The Directed and Rubinov Subdifferentials of Quasidifferentiable Functions. Part I: Definition and Examples
R. Baier, E. Farkhi, V. Roshchina:
The Directed and Rubinov Subdifferentials of Quasidifferentiable Functions. Part I: Definition and Examples
Nonlinear Analysis: Theory, Methods & Applications
75
(3),
1074  1088,
2012
DOI:
10.1016/j.na.2011.04.074
MR Nummer:
2861321
Zentralblattnummer:
1236.49031
Keywords: subdifferentials; quasidifferentiable functions; differences of sets; directed sets; directed subdifferential; amenable and lowerC^k functions
Mathematics Subject Classification Code: 49J52 (26B25 90C26)
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Abstract:
We extend the definition of the directed subdifferential, originally introduced in [R. Baier, E. Farkhi: The directed subdifferential of DC functions, in: A. Leizarowitz, B. S. Mordukhovich, I. Shafrir, A. J. Zaslavski (Eds.), Nonlinear Analysis and Optimization II: Optimization. A Conference in Celebration of Alex Ioffe's 70th and Simeon Reich's 60th Birthdays, June 1824, 2008, Haifa, Israel, in: AMS Contemp. Mathem. 513, AMS and BarIlan University, 2010, pp. 2743], for differences of convex functions (DC) to the wider class of quasidifferentiable functions. Such generalization efficiently captures differential properties of a wide class of functions including amenable and lower/upperC^{k} functions. While preserving the most important properties of the quasidifferential, such as exact calculus rules, the directed subdifferential lacks the major drawbacks of quasidifferential: nonuniqueness and “inflation in size” of the two convex sets representing the quasidifferential after applying calculus rules. The Rubinov subdifferential is defined as the visualization of the directed subdifferential.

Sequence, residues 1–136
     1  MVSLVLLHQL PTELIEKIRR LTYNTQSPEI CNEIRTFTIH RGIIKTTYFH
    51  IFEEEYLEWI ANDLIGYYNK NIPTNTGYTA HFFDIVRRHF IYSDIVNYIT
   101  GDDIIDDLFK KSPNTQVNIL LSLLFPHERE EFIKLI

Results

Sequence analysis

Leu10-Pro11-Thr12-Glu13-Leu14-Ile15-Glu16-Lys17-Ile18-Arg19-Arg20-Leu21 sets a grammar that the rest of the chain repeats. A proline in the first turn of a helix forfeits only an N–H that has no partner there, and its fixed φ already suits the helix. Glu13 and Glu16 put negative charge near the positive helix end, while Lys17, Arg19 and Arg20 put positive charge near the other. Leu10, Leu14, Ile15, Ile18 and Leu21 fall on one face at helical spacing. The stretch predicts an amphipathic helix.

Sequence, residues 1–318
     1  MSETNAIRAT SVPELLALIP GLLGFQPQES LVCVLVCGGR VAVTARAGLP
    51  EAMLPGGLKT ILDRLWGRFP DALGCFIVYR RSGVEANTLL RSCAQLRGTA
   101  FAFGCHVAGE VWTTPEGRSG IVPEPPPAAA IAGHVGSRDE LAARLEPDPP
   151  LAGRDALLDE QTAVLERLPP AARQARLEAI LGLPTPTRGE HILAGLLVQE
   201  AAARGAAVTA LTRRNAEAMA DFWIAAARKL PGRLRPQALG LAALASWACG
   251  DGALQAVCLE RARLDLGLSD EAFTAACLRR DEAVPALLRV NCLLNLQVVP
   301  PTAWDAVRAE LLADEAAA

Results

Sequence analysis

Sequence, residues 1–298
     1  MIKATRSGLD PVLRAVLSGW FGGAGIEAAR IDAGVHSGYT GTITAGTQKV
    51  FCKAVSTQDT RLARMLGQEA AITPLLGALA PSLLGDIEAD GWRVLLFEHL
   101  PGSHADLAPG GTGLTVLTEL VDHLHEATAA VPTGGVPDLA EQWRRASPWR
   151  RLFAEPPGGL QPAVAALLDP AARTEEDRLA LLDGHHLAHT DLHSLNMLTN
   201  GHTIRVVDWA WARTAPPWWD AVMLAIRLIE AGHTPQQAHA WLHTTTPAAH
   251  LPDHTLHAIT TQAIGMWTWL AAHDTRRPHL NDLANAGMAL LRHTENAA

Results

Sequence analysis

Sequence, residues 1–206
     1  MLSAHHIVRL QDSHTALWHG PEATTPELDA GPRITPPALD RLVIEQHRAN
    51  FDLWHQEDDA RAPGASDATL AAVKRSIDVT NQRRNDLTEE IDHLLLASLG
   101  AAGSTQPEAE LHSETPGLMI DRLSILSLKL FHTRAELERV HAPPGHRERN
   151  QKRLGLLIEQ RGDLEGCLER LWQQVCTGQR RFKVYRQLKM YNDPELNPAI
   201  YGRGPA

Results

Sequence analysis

Contents:
1.  Introduction  
2.  Preliminaries  
3. 
Quasidifferentiable functions


4. 
Directed sets and the directed subdifferential


5.  Directed subdifferential for lowerC^{k} and amenable functions  
6.  Conclusions